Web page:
The church and the highlands

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? Or does it not rather seem as if the author had drawn the words at random out of the dictionary, more with the view of giving every word some chance of representation instead of teaching those expressions which we actually need and must know? A person might learn a whole dictionary by heart and yet would not be able to converse.

" I hold that, instead of beginning our studies with little useless sentences (so often taught), which no commonsense person was ever known to use, and which no one can ever put to a practical purpose, we ought to commence with flowing, connected, rational sentences, such as we are in the habit of employing in practical life. Instead of teaching phrases whose constructions are the same as those of our native tongue, we ought, on the contrary, to commence with


idiomatic sentences, whose formations are utterly foreign to our mode of speaking, thereby dis­accustoming our minds from thinking in English, and becoming familiarised with the foreign ways of expression and thought. For this, after all, is the great difficulty; this is the point of the whole problem. We must learn to think in the foreign language itself. We must no longer think about our French or about our German, but in the language itself. No one can speak a foreign language who does not think in it. Of course, when we reside abroad it is easily understood how we acquire the power of thinking in a foreign language. There we are surrounded by Frenchmen, Spaniards, Swedes or Germans; we hear nothing but the foreign vernacular, and, being continuously obliged to make use of these strange sounds, we imperceptibly get so accustomed to them that, finally, they come just as readily and unconsciously to our tongues as the sounds of our own native language. The words become, in fact, so fully our mental and bodily property, that, as the French say, ' we possess them1 and think in them. How is a language learned? What is the meaning of this phrase, 'To learn a language' ? It means to translate our own in­dividuality into comprehensible sounds. It does not mean to study grammatical peculiarities. It is not to be attained by the study and translation of the classic works of literature. It is vain to attempt it by any school system. It must be accomplished, by a sort of mental reconstruction—of our whole outer and inner life. We must live over again the various incidents and sentiments of our life and must learn to express them in a foreign tongue. Life's various scenes have to be represented anew in strange sounds, which, constantly repeated, will soon become second

nature to us. Again and again we have to hear and repeat these sounds ; again and again we must apply them until at last they become just as familiar to us as the sounds of our native tongue. There will then no longer be any talk of translation from one language into the other. The words will have become so thoroughly impressed upon our memory that they come just as easily, readily and uncon­sciously to our lips as the sounds of our mother-tongue. Remember that we possess but one intelligence, and our • thoughts must ever be the same, whether we express them in English, Russian, French or German. Language appeals, therefore— at first at least—solely to the ear, tongue and memory, and though our intellect superintends and guides the whole initiatory process, it does not and cannot come into real action until the foreign sounds come just as unconsciously to our tongue as the sounds of our native language."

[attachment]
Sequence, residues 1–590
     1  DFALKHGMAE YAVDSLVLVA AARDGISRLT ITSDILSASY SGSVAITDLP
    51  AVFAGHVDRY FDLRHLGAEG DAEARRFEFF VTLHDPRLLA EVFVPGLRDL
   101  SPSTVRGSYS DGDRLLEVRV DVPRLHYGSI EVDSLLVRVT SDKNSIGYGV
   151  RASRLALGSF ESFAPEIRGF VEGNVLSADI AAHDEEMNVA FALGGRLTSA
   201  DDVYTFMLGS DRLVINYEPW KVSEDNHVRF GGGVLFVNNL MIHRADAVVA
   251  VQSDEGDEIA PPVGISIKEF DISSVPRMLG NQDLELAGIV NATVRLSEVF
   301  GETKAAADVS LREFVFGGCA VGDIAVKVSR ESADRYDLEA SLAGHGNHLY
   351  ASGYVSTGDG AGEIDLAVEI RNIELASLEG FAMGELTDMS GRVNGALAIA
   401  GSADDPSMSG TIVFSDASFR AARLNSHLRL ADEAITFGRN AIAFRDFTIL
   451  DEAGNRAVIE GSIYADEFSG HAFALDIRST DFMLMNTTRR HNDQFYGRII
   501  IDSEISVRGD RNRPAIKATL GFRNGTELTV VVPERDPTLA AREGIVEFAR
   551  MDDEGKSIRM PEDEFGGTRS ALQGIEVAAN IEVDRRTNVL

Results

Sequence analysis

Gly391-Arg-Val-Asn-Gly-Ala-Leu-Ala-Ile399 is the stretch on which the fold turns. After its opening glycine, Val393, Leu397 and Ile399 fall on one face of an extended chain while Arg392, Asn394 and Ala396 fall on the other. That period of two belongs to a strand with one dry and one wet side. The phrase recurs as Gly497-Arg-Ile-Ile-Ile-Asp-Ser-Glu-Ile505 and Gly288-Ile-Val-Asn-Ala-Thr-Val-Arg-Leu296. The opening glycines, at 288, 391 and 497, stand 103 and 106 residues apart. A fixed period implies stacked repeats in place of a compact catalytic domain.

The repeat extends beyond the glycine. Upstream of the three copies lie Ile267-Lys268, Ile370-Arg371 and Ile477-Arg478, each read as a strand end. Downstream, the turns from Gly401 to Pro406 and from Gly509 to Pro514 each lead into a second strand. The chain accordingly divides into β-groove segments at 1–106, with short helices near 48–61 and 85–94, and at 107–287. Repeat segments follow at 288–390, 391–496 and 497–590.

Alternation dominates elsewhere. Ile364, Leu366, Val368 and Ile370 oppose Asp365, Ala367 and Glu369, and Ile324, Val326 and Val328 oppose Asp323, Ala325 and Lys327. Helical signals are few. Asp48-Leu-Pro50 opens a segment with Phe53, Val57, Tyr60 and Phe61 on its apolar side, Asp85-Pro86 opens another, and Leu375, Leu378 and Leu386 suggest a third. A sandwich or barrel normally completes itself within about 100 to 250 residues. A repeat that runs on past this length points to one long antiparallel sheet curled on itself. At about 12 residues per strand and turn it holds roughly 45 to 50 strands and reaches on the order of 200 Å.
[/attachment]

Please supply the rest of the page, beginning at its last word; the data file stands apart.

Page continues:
We make no apology for this lengthy excerpt from Dr Rosenthal's observations on the rational study of foreign languages, for the justness and lucidity of his remarks are beyond question. We hope that they will not be lost sight of by those who have the interests of the Gaelic language at heart, and some of whom may at this time be contemplat­ing some addition to our already superfluous stock of Gaelic grammars. The scientific aspect of the language is receiving an amount of attention from scholars which, in comparison of past neglect, cannot but be highly gratifying to our national pride; but there is some danger lest the purely antiquarian instincts of the master minds of native and foreign Celtic scholarship should lead to the unmerited neglect of the living language. There is no doubt that a compilation such as Dr Rosenthal has already


An Tuil

An Tuil


effected in the interests of those who desire to learn German, Spanish and French, is also desirable from the point of view of those—and their number, if not legion, is, at all events, considerable and increasing— who wish to acquire Gaelic—one of the most idiomatic and flexible of all languages. Our existing grammars leave much to be desired, if we are to consider those who are not so much concerned with the theoretical as with the practical side of the language. Indeed, with scarcely an exception, they are antiquated in their methods, and being for the most concerned with obscure questions of purely gram­matical import are practically useless from the point of view of the student who desires to write in the language, rather than of or about it. It is to be hoped that this long-felt want will soon be supplied to the public.

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